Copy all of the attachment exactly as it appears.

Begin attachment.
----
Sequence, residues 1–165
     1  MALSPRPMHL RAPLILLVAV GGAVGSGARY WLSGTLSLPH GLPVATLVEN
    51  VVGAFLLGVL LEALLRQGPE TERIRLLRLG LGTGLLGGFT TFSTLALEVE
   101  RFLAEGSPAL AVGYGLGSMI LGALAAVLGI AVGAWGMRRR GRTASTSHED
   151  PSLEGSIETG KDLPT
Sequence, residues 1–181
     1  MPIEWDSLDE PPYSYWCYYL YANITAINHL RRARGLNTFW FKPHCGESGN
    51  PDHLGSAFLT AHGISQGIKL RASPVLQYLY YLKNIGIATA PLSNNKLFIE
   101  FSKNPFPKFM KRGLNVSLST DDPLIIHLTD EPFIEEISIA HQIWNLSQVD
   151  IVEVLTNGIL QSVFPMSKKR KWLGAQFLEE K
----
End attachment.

Sequence, residues 1–165
     1  MALSPRPMHL RAPLILLVAV GGAVGSGARY WLSGTLSLPH GLPVATLVEN
    51  VVGAFLLGVL LEALLRQGPE TERIRLLRLG LGTGLLGGFT TFSTLALEVE
   101  RFLAEGSPAL AVGYGLGSMI LGALAAVLGI AVGAWGMRRR GRTASTSHED
   151  PSLEGSIETG KDLPT
Sequence, residues 1–181
     1  MPIEWDSLDE PPYSYWCYYL YANITAINHL RRARGLNTFW FKPHCGESGN
    51  PDHLGSAFLT AHGISQGIKL RASPVLQYLY YLKNIGIATA PLSNNKLFIE
   101  FSKNPFPKFM KRGLNVSLST DDPLIIHLTD EPFIEEISIA HQIWNLSQVD
   151  IVEVLTNGIL QSVFPMSKKR KWLGAQFLEE K